A thirst for adventure
BRIAN BASSETT takes the scenic route to Hilton in the new BMW X1 XDrive 2.0L d Auto
SEVERAL months ago we reviewed the outgoing model of the X1 first introduced in 2010 and were impressed with its design, engineering and performance.
In fact, the overall quality of the vehicle improved our understanding of the reason why the X1 has become one of the bestselling models in the BMW lineup.
The arrival of the new X1 and the hype surrounding it made us anxious to drive the car, which has impressed overseas motoring journalists.
SMG Pietermaritzburg kindly made an X1 available to us for a few days and we are grateful to the dealer principal Anthony Ellis for his assistance.
The X1 is underpinned by the same UKL2 platform as the 2 Series Active Tourer, which we reviewed recently.
The new X1 is, however much more robust and businesslike in its looks and aligns itself more closely with the rest of the X series.
The front end appears beefier than the previous model, made possible by the transverse engine layout. There is the usual BMW split kidney grill, flanked by the headlight modules and punctuated by a pair of fog lamps.
The front end has been dynamically designed and projects an aggressive image, a BMW trademark. The electric windows are colour coded and the door handles chromed. A 90 mm stretch of the new cars wheelbase allows a wider rear door, which makes access easier for oldies like me.
There is also more leg and headroom at the rear and this can be tailored to passenger needs with an adjustable second row of seating. The side height is broken up with metal ribbing and the rear is dominated by the tail light modules and a hydraulically-operated tailgate, which contains the rear window.
The interior of the vehicle we drove was finished in black leather, with white stitching.
There were some soft touch plastics but the overall impression was of quality and driver-orientated design. The new raised driving position is impressive and, although I was warned that the contoured seats might be a little narrow for a large man like me, I had no trouble fitting in — perhaps thanks to my latest exercise routine. The high seating position also delivers a much-sought-after sense of occupant safety, which enhances interior comfort. From behind the wheel the X1 offers a substantial feel, which when combined with a sophisticated interior makes the car a pleasure to drive.
The audio system, with USB/ Aux/CD facilities, is very effective, even when playing 1970’s rock favoured by one of my passengers. The idrive system is the operating system for the vehicle and is backed by a free-standing 16,5 cm monitor on the dashboard. The multifunction, leather-covered steering wheel allows the operation of the active cruise control, radio and Bluetooth functions, as well as allowing access to various information modules.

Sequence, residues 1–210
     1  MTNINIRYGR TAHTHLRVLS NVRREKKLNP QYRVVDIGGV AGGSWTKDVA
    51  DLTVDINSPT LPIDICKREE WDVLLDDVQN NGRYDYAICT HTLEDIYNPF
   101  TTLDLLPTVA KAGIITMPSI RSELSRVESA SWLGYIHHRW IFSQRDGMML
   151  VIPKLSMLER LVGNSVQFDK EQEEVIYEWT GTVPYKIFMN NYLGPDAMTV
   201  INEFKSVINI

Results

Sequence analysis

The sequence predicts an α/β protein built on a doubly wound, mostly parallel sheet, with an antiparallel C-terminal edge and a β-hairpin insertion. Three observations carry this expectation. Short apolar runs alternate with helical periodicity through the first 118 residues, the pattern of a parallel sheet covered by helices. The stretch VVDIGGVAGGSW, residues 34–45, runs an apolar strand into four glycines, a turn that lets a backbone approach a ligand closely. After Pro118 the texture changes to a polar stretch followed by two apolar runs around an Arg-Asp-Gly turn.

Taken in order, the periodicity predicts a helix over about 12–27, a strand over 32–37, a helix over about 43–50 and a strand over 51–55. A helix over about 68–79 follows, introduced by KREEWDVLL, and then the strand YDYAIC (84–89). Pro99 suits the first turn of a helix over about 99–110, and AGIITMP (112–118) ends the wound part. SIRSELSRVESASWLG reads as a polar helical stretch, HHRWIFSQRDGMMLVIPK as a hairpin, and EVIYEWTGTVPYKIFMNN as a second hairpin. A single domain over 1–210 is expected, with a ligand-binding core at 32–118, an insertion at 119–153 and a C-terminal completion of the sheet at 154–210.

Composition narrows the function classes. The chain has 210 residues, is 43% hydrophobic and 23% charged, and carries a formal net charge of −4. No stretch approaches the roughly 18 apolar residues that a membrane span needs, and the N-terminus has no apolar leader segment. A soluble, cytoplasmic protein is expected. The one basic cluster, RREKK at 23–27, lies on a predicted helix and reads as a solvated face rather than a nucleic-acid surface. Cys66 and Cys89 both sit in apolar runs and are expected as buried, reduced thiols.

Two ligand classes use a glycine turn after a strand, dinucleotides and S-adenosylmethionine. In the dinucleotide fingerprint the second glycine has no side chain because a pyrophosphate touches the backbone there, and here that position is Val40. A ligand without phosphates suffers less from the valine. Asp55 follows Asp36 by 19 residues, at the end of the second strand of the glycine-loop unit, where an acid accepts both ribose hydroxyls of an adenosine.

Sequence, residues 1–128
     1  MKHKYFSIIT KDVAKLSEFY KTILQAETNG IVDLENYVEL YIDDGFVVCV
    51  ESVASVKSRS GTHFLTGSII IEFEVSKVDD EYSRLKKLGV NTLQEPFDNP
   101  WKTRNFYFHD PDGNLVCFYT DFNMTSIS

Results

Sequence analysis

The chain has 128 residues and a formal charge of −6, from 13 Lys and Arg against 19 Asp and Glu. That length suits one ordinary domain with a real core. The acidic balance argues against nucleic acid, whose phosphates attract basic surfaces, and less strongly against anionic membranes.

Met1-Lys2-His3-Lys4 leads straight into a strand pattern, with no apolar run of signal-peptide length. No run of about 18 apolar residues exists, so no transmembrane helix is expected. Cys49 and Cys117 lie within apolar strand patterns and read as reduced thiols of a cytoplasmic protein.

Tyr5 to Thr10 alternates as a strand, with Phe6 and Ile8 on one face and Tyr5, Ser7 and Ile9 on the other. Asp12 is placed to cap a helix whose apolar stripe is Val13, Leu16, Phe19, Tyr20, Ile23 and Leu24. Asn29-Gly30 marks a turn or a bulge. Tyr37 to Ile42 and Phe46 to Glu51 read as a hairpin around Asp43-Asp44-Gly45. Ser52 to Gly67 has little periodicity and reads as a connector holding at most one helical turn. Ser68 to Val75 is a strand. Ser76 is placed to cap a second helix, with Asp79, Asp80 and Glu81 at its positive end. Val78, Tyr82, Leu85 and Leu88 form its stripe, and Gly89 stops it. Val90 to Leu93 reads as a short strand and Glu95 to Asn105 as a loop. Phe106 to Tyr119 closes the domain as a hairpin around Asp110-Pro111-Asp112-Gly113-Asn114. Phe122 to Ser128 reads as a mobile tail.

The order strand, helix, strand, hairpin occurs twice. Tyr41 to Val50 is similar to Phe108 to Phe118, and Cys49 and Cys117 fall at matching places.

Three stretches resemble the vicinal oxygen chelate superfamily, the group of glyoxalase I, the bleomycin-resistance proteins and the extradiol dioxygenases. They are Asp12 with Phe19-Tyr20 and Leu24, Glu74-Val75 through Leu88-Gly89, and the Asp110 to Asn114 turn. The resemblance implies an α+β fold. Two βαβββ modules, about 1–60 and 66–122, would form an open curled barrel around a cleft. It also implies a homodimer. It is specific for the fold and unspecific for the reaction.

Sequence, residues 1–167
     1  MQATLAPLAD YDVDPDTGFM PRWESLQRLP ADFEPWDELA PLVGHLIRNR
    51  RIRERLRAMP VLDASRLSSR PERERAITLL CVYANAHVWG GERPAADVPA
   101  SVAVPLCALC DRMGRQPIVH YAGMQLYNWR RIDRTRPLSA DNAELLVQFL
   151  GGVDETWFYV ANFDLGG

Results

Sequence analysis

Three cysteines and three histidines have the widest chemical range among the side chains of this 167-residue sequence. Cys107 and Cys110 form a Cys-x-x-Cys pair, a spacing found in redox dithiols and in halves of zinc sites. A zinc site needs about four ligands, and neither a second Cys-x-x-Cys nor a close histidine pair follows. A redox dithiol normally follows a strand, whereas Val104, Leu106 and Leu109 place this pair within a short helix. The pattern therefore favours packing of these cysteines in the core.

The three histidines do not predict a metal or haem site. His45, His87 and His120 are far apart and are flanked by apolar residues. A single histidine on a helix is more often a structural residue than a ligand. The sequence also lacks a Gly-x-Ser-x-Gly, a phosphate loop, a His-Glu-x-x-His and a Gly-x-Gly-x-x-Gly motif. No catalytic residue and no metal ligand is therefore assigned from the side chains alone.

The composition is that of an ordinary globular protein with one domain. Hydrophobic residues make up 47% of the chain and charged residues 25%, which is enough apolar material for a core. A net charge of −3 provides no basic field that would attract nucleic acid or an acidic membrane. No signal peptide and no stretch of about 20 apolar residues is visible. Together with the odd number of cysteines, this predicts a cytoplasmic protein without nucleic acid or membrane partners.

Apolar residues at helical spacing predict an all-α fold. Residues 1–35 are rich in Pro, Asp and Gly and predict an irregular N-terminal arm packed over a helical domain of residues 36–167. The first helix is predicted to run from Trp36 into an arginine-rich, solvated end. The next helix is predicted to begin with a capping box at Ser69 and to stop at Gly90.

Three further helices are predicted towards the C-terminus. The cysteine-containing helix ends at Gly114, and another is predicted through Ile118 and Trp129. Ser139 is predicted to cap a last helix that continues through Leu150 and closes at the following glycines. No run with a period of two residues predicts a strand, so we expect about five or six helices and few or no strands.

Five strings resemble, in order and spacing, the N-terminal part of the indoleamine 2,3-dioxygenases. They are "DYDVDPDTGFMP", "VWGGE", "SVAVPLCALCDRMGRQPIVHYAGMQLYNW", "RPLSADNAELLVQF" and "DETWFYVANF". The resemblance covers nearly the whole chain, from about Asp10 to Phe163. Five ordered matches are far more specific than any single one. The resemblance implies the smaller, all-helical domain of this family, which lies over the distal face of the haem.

For the technophiles additional navigation and infotainment apps can be downloaded onto their smartphones. The remainder of the dash is typically BMW and much like that of the Active Tourer.
The second row of seats fold down in 40:20:40 fashion offering a class leading 1 550 litres of utility space. With the seats in place the boot is 505 litres, 85 litres more than the previous model. For those who want to customise the interior, BMW offer several interior packages.
Safety and security
The X1 has a 5 star Euro NCAP rating and its safety is beyond doubt. Besides the usual ABS with EBD, there is dynamic stability control, approach control warning with light city braking function, cornering brake control, Lane Departure Warning, Traffic Jam Assist, Pedestrian Detection, Hill Descent Assist and a whole host of other driver assists, which we cannot list here.
There is also keyless entry and an on-board alarm.
In all the vehicle has an impressive technological package to protect you and your family.
The BMW X1 xDrive 2-litre has a 4-cylinder, Twin Power diesel engine putting out an impressive 140 kW/400 Nm, to enable a 0-100 km/h run in about eight seconds. Top speed is around 215 km/h.
Fuel consumption always depends on the driver’s right foot, but after a few days off and on road we averaged about 6 l/100 km — not at all bad for the rough terrain we covered.
On road the car expresses its power via an eight-speed tiptronic gearbox, shared with several other X models.
In town the car is an ideal mom’s taxi, fetching and carrying the kids safely, easy to park with the Park Assist Function and allowing your family to plug in electronic devices you cannot operate.
On the N3 the available power makes driving pleasant and the large number of driver aids supports your safety.
With its all-wheel drive system the X1 comes into its element on bad roads and we drove to Hilton the scenic route along damp but not quite muddy road surfaces. The X1 offers a sophisticated and stable ride and handles rough, steep, sandy surfaces with ease.
Costs and competition
The X1 xDrive 20d will cost you around R565 000. But remember, the options list is long and expensive. You also get BMW’s five-year/100 000 km extendable maintenance plan, which is in my experience one of the best of its kind. You also need to look at the Audi Q3 and Mercedes GLA.
The X1 handles offers a stable ride and handles rough, steep, sandy surfaces with ease.